#1879 Add unix2dos and dos2unix to MSYS-Base



In view of the recent independent inquiries, we might consider adding this pair of minimal implementations to msysCORE.

I suggest this particular pair, in preference to other suggestions, because:

1) They are extremely light weight.
2) They exploit only standard behaviour of an existing MSYS tool.
3) They have no dependency external to existing msysCORE.
4) They DTRT, without any added bells or whistles.



Issues: #1936


  • Keith Marshall

    Keith Marshall - 2008-10-28

    Implementation, as shell archive

  • Earnie Boyd

    Earnie Boyd - 2008-10-29

    These are found in the mingw-utils package and adding them to MSYS would conflict with that.

  • Keith Marshall

    Keith Marshall - 2008-10-29

    That we have had at least two independent inquiries as to where they may be found, in just the last week, suggests that it isn't entirely intuitive to look in mingw-utils, for filters to be used in MSYS.

    In any case, the package in mingw-utils is a native (and unnecessarily bloated, IMO) implementation. It should install in /mingw/bin, not in /bin, so where is the conflict? Personally, I prefer these light weight implementations to the versions in mingw-utils, (which I immediately junked after I installed that package).

    To avoid potential confusion, we could repackage as mingw32-unix2dos in mingw-utils, just as we did for mingw32-make, to distinguish it from make in MSYS.

    I see no problem with offering both, and allowing users to make their own choice, but ultimately, this is Cesar's call.

  • Cesar Strauss

    Cesar Strauss - 2008-11-11

    Thanks, Keith.

    However, you may have gone too far removing the bells and whistles...

    What I miss is:
    1) Ability to convert a file in-place, overwriting the original.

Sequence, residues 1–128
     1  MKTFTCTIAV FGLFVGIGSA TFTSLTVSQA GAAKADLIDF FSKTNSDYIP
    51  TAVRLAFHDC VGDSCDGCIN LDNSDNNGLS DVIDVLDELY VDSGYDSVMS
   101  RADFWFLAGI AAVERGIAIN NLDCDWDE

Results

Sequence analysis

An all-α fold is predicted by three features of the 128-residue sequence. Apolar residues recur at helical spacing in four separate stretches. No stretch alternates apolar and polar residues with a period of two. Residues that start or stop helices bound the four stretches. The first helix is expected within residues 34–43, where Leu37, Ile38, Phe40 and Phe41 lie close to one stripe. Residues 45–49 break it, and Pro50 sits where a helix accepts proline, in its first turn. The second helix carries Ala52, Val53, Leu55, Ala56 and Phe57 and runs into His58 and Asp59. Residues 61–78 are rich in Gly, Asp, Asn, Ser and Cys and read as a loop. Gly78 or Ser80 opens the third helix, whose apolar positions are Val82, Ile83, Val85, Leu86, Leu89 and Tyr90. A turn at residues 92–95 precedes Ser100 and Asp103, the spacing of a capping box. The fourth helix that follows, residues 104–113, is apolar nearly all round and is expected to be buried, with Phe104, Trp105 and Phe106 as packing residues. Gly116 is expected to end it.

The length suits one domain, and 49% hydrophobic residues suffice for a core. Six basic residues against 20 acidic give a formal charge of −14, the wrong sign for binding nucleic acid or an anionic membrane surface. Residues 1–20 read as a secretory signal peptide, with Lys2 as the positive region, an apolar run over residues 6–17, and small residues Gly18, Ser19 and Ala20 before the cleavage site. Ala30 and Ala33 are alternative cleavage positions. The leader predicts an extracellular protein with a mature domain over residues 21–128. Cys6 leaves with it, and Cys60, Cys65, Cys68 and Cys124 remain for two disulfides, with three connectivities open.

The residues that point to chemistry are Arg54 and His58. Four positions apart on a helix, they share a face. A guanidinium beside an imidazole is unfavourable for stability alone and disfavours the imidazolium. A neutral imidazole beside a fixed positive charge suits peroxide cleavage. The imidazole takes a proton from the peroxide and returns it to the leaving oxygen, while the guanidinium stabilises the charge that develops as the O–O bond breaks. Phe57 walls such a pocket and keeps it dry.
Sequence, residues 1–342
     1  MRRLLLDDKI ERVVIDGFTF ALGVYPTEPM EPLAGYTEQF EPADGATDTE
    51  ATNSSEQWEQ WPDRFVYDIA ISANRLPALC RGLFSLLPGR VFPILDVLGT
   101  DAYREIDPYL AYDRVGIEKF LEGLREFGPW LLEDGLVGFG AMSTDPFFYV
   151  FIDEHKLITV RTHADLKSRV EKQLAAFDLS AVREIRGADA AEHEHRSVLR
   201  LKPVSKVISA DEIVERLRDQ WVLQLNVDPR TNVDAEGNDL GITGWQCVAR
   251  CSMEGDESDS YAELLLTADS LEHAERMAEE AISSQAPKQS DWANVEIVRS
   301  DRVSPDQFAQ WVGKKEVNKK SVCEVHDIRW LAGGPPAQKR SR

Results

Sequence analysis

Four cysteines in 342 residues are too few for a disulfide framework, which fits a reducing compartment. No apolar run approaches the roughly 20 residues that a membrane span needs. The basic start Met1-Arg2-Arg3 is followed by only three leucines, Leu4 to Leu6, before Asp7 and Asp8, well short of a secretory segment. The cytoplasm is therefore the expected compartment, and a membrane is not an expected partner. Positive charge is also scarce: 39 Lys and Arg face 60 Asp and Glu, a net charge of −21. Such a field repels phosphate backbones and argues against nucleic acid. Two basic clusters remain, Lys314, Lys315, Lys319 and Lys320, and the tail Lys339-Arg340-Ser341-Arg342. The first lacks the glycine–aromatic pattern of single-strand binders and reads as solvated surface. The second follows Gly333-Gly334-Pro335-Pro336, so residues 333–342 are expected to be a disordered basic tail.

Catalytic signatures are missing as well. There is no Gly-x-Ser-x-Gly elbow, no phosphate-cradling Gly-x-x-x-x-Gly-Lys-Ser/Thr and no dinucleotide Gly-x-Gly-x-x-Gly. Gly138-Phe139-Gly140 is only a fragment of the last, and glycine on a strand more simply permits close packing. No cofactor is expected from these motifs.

2) Ability to convert a list of files in one go, e.g. 'dos2unix *.c'.


  • Keith Marshall

    Keith Marshall - 2008-11-11

    Hi Cesar,

    > What I miss is:
    > 1) Ability to convert a file in-place, overwriting the original.

    dos2unix foo.txt > foo.txt.$$ ; mv -f foo.txt.$$ foo.txt

    2) Ability to convert a list of files in one go, e.g. 'dos2unix *.c'.

    for file in *.c
    do dos2unix $file > $file.$$ ; mv -f $file.$$ $file

    The problem I have with building those bells and whistles directly into dos2unix and unix2dos is twofold:

    1) It breaks the MSYS paradigm of `minimalism'.
    2) More significantly, it breaks the concept of `maximally portable'.

    Ok, there is no definitive standard to which an implementation of this pair of tools should comply, (they aren't required by POSIX); thus, there are many incompatible implementations available, on various platforms. Solaris provides implementations which, (IIRC, but it has been a few years since I last used them), deliver exactly the functionality of my bare minimal filters, and no more. I also recall discussion in some GNU/Linux forum, which suggested a similar implementation, eschewing any additional functionality on the grounds of non-portability.

    That said, I'm not suggesting we discard the more advanced version from mingw-utils, nor that these minimal implementations should supersede that; rather, I'm suggesting that we bundle these minimal variants with MSYS, and users who install mingw-utils will automatically get the extended functionality. (Provided they continue to follow the time honoured advice to segregate MinGW and MSYS into separate trees, there is no conflict; that would only arise if they attempt to merge the two `bin' directories, in which case installing or upgrading MSYS *after* installing mingw-utils would revert to the minimal versions. To address that, it would probably be best to make the minimal variants an optional installation, with good comments in the installer to describe the limitations -- mingw-get is sorely needed here).

    As I've said, I'm using these implementations because I require something which is maximally portable; I'm offering them for general use, in the hope that they may be useful to others, but it's ultimately your choice whether or not to distribute them, and if you do, how it is done.